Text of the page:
Chris Melton ’16 spent his time with the senior set, serving as a technical support volunteer. “One thing that stands out to me about the experience is helping a man find a Geocities-esque website about the town on Long Island where he grew up,” Melton said. “He seemed fascinated that something like that was available.” Melton also delivered Meals on Wheels and met a client who was proud to tell that he was a Korean war veteran and an Austin College alumnus.
“I would recommend this class to economics majors because economists need to think outside their personal experiences and see how policies can affect others,” Melton said.
The JanTerm class “Economics of the Working Poor” is offered every two years and will be an option in 2015.
ESP Conference: The Economy in Action
Each spring, Austin College co-sponsors the Economics Scholars Program (ESP) for Undergraduate Research along with the Federal Reserve Bank of Dallas. ESP features student-initiated or student-faculty co-authored works that bring to light new information in economics.
Since 2007, the program has grown from 23 participants to, in 2014, a gathering of 190 participants representing 27 schools across 16 states. Economics undergraduates in the program develop skills sometimes thought to be reserved for other disciplines or graduate-level scholars.
“This is not research that simply restates something that’s already discovered,” said Melanie Fox, associate professor of economics and the Jack B. Morris Professor of Economic Policy at Austin College. To qualify for presentation at ESP, the research must reveal fresh information. “Students can find something new by extending a test in a new way, conducting a new test of an old idea or using the same idea in a different situation, or developing something completely original,” Fox said.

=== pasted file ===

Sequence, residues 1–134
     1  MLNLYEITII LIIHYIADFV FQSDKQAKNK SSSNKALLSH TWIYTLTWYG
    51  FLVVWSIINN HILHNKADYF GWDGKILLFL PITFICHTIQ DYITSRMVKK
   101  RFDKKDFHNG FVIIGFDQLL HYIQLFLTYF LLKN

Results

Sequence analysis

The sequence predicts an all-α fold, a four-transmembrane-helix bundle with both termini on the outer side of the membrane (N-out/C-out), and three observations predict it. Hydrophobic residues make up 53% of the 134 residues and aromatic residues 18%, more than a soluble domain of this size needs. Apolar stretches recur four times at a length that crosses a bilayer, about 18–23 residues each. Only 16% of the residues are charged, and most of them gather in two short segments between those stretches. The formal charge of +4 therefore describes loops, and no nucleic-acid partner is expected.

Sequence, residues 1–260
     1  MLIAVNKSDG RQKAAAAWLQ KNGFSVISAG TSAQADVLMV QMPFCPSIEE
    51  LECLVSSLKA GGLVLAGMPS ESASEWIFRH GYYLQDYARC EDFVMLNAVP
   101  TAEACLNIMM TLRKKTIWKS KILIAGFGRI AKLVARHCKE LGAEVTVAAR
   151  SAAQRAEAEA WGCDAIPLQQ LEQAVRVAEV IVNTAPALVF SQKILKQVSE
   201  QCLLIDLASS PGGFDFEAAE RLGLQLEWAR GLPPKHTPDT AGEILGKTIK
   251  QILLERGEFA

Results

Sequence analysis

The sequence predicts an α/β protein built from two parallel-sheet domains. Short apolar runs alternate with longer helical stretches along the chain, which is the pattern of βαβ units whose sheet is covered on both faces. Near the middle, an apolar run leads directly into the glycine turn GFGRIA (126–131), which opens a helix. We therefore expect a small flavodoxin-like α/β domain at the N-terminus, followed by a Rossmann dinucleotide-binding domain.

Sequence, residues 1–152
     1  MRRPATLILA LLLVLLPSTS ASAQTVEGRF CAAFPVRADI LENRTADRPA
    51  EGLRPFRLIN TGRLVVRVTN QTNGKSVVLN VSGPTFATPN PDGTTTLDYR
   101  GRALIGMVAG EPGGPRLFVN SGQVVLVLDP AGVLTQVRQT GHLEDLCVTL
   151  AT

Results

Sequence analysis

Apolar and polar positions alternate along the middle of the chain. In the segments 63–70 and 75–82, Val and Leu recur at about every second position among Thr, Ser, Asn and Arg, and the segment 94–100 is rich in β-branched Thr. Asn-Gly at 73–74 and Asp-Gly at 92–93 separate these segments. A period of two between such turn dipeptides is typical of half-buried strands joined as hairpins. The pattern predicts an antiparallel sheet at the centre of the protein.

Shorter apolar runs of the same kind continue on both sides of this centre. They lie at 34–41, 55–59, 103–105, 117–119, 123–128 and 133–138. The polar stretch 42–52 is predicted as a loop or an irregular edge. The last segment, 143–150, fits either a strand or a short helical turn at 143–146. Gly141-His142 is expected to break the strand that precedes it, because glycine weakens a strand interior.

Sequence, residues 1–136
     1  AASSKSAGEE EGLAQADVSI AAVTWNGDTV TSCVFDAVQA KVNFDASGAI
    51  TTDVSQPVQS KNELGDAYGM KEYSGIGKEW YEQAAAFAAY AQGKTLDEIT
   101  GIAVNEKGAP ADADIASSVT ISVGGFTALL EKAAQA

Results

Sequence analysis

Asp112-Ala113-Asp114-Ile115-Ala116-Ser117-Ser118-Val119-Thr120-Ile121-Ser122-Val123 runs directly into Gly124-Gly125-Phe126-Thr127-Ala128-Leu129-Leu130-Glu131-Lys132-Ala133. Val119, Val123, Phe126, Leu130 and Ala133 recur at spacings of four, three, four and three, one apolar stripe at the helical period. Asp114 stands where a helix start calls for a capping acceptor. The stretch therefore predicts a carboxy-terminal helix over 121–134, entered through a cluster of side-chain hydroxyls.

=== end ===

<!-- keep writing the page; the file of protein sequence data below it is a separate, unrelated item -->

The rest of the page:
The research projects are not class requirements, so the motivation to do the hard work often comes from a driving need to know. “Some students just want to explore more or answer a question until they’re fully satisfied,” Fox said. Students who pursue this opportunity are often likely to participate later in master’s- or PhD-level programs.
Many popular topics exist, and across the years, Fox has noticed trends. Two years ago, the focus was the economic crisis, then health economics, and most recently, labor topics. The trends typically follow the headlines. Interestingly, the conference always features topics pertaining to sports economics. “Sports is not fully explored,” Fox said. “And, athletes make good researchers because they are good at strategy and often have an interest in statistics.”
This year, papers covered economic issues including finance, agriculture and development, health, labor, international, public, labor and preferences, education, labor and sports, macroeconomics, environmental/commodities, and finance.
All papers initially are submitted to the ESP Peer Review Board. In 2014, the board chose the best 34 for formal presentation, in addition to 12 poster presentations in an informal setting. Austin College seniors Varshini Kalyan and Evan Harper were members of the 2014 Peer Review Board. Harper also was a presenter.
A particular challenge to young researchers is learning to narrow a broad topic. For instance, a student might be interested in the economic impact of pollution. Harper narrowed that to develop his research, “The Effects of Inequality on the Environmental Kuznets Curve,” and was chosen to present during the Environmental/Commodities session. The environmental Kuznets curve is the hypothesized relationship between the quality of the environment, such as air pollution, and economic development. Kuznets curves have been found for many health issues, but not all. So, Harper narrowed and learned. (Harper was studying at London School of Economics during a study abroad semester but returned to Dallas to present his research.)
The conference initiates students into varying levels of responsibility, such as acting as a discussant or session chair.
The benefits are abundant. Fox said the project hones problem-solving skills and deepens students’ understanding. They benefit greatly by learning how math leads to policy and why policy matters.